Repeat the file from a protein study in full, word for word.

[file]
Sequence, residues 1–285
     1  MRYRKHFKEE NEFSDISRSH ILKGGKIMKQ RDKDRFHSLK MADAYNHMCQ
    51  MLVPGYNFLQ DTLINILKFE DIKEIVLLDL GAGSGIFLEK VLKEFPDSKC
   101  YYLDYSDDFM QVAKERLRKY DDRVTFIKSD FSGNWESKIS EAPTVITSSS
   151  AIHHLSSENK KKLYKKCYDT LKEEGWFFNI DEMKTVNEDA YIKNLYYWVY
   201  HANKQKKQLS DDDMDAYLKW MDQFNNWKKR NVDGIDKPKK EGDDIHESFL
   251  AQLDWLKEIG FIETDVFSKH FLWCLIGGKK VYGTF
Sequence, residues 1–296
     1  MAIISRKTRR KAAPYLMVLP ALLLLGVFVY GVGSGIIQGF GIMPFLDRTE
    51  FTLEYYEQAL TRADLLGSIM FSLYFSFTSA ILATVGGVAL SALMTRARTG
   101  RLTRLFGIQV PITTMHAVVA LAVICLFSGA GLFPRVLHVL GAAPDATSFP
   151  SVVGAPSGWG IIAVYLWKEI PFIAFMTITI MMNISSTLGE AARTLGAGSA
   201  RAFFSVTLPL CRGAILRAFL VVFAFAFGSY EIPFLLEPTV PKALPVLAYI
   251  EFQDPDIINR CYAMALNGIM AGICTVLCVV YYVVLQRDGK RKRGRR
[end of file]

Sequence, residues 1–285
     1  MRYRKHFKEE NEFSDISRSH ILKGGKIMKQ RDKDRFHSLK MADAYNHMCQ
    51  MLVPGYNFLQ DTLINILKFE DIKEIVLLDL GAGSGIFLEK VLKEFPDSKC
   101  YYLDYSDDFM QVAKERLRKY DDRVTFIKSD FSGNWESKIS EAPTVITSSS
   151  AIHHLSSENK KKLYKKCYDT LKEEGWFFNI DEMKTVNEDA YIKNLYYWVY
   201  HANKQKKQLS DDDMDAYLKW MDQFNNWKKR NVDGIDKPKK EGDDIHESFL
   251  AQLDWLKEIG FIETDVFSKH FLWCLIGGKK VYGTF
Sequence, residues 1–296
     1  MAIISRKTRR KAAPYLMVLP ALLLLGVFVY GVGSGIIQGF GIMPFLDRTE
    51  FTLEYYEQAL TRADLLGSIM FSLYFSFTSA ILATVGGVAL SALMTRARTG
   101  RLTRLFGIQV PITTMHAVVA LAVICLFSGA GLFPRVLHVL GAAPDATSFP
   151  SVVGAPSGWG IIAVYLWKEI PFIAFMTITI MMNISSTLGE AARTLGAGSA
   201  RAFFSVTLPL CRGAILRAFL VVFAFAFGSY EIPFLLEPTV PKALPVLAYI
   251  EFQDPDIINR CYAMALNGIM AGICTVLCVV YYVVLQRDGK RKRGRR